I got Seoul but i'm not a soilder
Trip Start Aug 09, 2010
124Trip End Feb 01, 2012
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'Ah' a fellow traveller we met in Russia said. 'Korean food in Asia is like French food in Europe, it's great!' And that, is how Paul and I came to decide to go to Korea. It wasn't originally on our planned route, but then again our plans are very sketchy.
I didn't know what to expect of the country. I'd never read much about it and I don't know anyone who's been but one look at the guide book we bought told me we were going to love it.
The most exciting part of all was that we were going to get there by boat. Our first REALLY long trip on a boat. We were ecstatic to find out that we had our own cabin. After weeks of sleeping in dorms this felt like the height of luxury! There was only one thing I hadn’t quite considered. In fact I’d conveniently forgotten it when we planned to get round the world without using planes. I’m actually quite scared of being on the sea. As we boarded visions of me as a 10 year old lying down on a speed boat hands clasped together praying to God Jesus and the Holy Mary to save me came to mind. Would I be spending the next 24 hours in a state of terror? Someone up there heard my prayers and we had fantastic weather all the way which meant I didn’t embarrass myself by screaming that we were all going to die!
We got off our boat in Incheon and made our way to Seoul. We were staying with a couple who had agreed to host us in their home for free. Nope, we'd never met them before, we'd found their couch 'advertised' on couchsurfing.org. For those of you unfamiliar with the website it's like a dating site for free accomodation. Paul and I had heard of the website but had not really consdidered using it until we started our travels. We met loads of people who haveboth couch surfed and hosted people in their home and they raved about it. The concept of inviting strangers in our house or staying in their house was pretty alien to us. After all we're Londoners, we don't even speak to our neighbors let alone strangers! But then every time we spoke to someone who had tried it, their face lit up and they smiled while telling us about the great experiences they'd had. We were curious and we were over budget, two perfect reasons to give it a go.
After dinner we walked round the neighborhood which seemed to be like something out of a movie depicting the perfect place to live. Lovely gardens by the han river, wide bicycle paths, a band playing on the green, a couple of photographers taking pictures of the lit up bridge, spotlessly clean pathways and even special parking spaces for women!
Hahaha I’m sure they weren’t meaning to be sexist when they put those in. We walked back home through a market selling all sorts of weird and wonderful fruit, feeling very glad thar we’d decided to visit this amazing country.
So now you see why we said that today put our faith back in humanity (to be honest it never went over the stupid tea incident). That is what is so amazing about travel. Where else would someone you’d never met invite you to stay for free in their home ? Where else can you end up in somebody’s flat for dinner after meeting them on the street a few hours before? We went to bed with huge smiles on our faces.
Sunny, Joon, Nils and Youngsook, we know you are reading this and just wanted to say a huge Thank you once again for making our stay in Seoul so amazing. It is something we will never forget. Get down to South East Asia!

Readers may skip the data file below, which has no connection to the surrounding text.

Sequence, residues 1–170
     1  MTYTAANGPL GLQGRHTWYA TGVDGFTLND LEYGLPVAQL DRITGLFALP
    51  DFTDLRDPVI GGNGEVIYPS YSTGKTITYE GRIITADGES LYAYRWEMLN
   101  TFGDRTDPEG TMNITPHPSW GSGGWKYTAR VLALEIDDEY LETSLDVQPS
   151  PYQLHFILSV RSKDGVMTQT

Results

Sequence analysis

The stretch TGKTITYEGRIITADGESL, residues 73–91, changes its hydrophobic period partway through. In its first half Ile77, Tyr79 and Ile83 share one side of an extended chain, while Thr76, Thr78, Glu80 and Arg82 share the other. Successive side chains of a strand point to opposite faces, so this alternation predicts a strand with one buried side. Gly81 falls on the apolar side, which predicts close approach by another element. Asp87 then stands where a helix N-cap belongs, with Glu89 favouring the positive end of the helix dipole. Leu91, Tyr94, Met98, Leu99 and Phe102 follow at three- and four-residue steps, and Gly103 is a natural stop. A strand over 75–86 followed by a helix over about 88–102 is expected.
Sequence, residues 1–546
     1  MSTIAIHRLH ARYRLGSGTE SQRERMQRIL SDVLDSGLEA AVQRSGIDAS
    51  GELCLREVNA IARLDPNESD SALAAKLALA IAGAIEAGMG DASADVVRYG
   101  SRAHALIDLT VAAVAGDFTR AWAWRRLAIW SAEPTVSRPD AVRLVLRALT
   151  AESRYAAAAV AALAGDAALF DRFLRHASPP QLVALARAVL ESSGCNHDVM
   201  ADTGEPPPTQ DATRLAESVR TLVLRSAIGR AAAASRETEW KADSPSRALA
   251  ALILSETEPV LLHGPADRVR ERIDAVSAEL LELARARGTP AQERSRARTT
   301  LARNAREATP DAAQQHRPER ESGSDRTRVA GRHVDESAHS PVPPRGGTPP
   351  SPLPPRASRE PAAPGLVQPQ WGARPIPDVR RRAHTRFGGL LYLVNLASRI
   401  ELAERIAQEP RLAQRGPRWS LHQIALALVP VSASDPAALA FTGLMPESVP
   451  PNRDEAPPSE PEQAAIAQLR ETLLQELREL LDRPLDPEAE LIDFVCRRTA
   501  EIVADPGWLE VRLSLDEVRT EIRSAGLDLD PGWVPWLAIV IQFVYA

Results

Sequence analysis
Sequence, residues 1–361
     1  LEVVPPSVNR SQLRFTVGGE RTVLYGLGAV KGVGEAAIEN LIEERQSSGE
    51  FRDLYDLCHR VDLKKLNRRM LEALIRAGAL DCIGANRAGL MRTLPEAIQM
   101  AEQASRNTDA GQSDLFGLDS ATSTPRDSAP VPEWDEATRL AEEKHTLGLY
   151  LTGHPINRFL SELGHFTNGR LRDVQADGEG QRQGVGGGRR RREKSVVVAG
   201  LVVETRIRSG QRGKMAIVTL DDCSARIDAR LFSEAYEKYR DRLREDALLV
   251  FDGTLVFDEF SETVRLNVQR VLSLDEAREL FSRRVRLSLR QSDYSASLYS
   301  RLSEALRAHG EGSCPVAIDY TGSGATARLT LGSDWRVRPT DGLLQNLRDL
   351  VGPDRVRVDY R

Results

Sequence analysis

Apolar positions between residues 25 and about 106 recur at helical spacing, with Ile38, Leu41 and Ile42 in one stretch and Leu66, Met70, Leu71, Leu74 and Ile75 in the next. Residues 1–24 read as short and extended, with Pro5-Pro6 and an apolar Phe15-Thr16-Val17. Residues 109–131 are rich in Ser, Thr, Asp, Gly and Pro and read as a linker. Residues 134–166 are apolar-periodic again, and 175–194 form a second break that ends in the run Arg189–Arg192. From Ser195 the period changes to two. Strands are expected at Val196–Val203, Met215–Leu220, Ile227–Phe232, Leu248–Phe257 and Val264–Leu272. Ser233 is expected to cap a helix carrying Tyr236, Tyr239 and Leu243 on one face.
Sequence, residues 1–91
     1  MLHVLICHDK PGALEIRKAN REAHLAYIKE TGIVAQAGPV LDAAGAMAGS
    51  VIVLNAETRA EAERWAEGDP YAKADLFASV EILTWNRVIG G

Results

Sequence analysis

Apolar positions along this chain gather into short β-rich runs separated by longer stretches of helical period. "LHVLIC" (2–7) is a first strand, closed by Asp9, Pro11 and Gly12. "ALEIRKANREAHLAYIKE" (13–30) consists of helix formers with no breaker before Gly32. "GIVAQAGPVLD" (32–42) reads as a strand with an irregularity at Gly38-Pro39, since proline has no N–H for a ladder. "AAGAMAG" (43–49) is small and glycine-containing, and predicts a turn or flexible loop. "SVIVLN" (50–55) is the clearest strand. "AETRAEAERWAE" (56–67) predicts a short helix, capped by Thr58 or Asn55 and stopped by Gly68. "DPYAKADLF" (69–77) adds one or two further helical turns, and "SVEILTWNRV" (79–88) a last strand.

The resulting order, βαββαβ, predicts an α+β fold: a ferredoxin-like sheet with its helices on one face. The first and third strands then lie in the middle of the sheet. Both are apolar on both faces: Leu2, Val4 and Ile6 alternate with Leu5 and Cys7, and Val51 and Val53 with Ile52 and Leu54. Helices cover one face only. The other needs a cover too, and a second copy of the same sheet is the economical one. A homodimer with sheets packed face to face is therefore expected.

Being in South Korea felt like being a very welcome guest at someone’s place. The easy visa-less entry to the country, the fantastically placed English signs that made travelling around a doddle, the friendly people, the frequent tourist information centres and the free attractions we could visit all made us feel that someone had put a lot of thought to show us that they appreciated our visit. It’s quite rare, and heart warming to feel like an appreciated tourist.
A thirty minute walk from the village brought us to Namdaemun Market - one of the biggest markets in Korea with roads dedicated to all sorts of things. There was watch street, bag street, ginseng street amongst many others.
That night, in complete contrast to the old village we walked round the Neon lit streets north of Insadong. It was brilliant just to take in the bustling atmosphere, try some local bars and feast on the amazing street food on offer.
Seoul must be the only developed city with a Mountain in the middle of it. The city planners certainly made the most of it . There’s an option to take a cable car right to the top or for the more health conscious there are walking and jogging paths where the ground is actually covered with a special kind of rubbery tarmac that is kinder on the knees. We decided to walk up and one the way passed loads of older Koreans in their tracksuits and sun visors speed walking up the hill. We even came across a few outdoor gyms that the local authority has set up. The average age of the people doing the weights was about 60! I kid you not. They made Karen & I look very unfit !
On our last night in Seoul we were quite sad to be leaving this wonderful country as we had had a truly special time here. Seoul has become our favourite city of the trip so far and we could easily live there. We went for a great meal with Sunny and Joon in the university area. We don’t think we have ever been in a place where we wanted to go in every bar or coffee shop we passed. They all looked so cool and funky. We were so impressed! It was great spending the night with Sunny and Joon too.
Until then, we love you and miss you
Karen & Paul xxxx